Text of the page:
The other night Bruce and the E Street Band played the whole soundtrack of my early teens in sequence - just like I had listened to it so many times that the cassette broke and I had to tape it back together - and I was there, singing with him.

Nothing like the notes of that album can bring back those warm summer evenings spent hidden on the back porch roof, that handful of scorching black tiles where everything I wanted and needed was at arm's reach. My best friend, a soda or two, and shared stories over stolen menthol cigarettes of holding hands under a beach towel and sloppy kisses. We sometimes changed the names and words of his songs to create our own stories, our own oaths, but his music was always with us, in the boom box on the window sill,  in our walkman. We sang about factories closing down, unions cards and relationships gone bad, but we only heard what our young ears wanted to hear: love, adventure, lust, camaraderie.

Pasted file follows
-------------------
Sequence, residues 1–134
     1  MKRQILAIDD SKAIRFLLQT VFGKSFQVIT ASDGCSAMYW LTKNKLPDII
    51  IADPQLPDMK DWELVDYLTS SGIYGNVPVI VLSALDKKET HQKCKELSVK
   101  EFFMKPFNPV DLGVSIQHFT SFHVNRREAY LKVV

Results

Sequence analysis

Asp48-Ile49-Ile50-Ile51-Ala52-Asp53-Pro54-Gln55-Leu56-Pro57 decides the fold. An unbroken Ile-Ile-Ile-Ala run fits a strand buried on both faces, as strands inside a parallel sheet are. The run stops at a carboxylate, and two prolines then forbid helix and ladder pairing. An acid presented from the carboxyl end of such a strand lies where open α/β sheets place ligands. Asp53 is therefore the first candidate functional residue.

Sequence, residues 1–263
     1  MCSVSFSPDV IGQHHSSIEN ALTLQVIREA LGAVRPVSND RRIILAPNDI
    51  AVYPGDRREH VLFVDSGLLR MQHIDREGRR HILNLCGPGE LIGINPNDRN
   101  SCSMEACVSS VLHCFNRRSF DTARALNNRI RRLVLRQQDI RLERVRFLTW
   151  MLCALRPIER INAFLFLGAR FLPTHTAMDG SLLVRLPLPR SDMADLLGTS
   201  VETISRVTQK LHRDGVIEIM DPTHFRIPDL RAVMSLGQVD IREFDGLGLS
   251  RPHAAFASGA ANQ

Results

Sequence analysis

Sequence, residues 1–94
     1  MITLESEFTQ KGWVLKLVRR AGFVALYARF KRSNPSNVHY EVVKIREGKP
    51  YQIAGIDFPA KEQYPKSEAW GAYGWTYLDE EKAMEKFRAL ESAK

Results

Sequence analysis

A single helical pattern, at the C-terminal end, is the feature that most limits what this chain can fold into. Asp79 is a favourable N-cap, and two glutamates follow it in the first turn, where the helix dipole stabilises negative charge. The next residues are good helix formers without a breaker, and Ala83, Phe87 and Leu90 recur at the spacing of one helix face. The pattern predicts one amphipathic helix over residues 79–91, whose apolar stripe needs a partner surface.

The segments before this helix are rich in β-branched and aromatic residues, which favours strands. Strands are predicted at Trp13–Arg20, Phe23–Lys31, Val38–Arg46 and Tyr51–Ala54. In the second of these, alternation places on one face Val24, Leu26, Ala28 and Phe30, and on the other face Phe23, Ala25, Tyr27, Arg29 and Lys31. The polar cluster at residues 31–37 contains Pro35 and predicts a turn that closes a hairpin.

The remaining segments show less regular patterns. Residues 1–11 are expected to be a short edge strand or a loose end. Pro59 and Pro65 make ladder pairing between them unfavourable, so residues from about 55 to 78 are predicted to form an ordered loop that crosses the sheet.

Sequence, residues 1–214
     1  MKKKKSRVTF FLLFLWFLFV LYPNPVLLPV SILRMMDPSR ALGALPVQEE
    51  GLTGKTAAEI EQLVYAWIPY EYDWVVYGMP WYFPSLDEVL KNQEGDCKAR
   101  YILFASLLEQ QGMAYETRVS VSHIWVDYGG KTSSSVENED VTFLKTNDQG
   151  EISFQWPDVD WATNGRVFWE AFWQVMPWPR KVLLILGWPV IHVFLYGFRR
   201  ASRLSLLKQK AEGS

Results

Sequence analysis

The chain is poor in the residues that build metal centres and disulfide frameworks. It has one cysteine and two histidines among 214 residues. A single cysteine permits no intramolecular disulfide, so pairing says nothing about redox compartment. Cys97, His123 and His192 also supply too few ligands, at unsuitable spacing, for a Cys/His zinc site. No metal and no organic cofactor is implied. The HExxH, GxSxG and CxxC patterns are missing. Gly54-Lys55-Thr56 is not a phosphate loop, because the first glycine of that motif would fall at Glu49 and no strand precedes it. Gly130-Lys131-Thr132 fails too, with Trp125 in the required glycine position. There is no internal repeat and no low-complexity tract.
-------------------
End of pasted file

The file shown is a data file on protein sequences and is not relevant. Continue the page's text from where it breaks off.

Chocolate milk shake

Time changes things and almost three decades later, I have changed too. Now, when I listen to the Boss, I see the whitewashed windows and vacant stores*, not just the girls in their summer clothes. The only one who never seems to change is Bruce himself, jumping up onto the piano in one leap after singing and running all over the huge stage without a single break for over three hours. The man was born to run.

Leaving San Siro - Good bye Bruce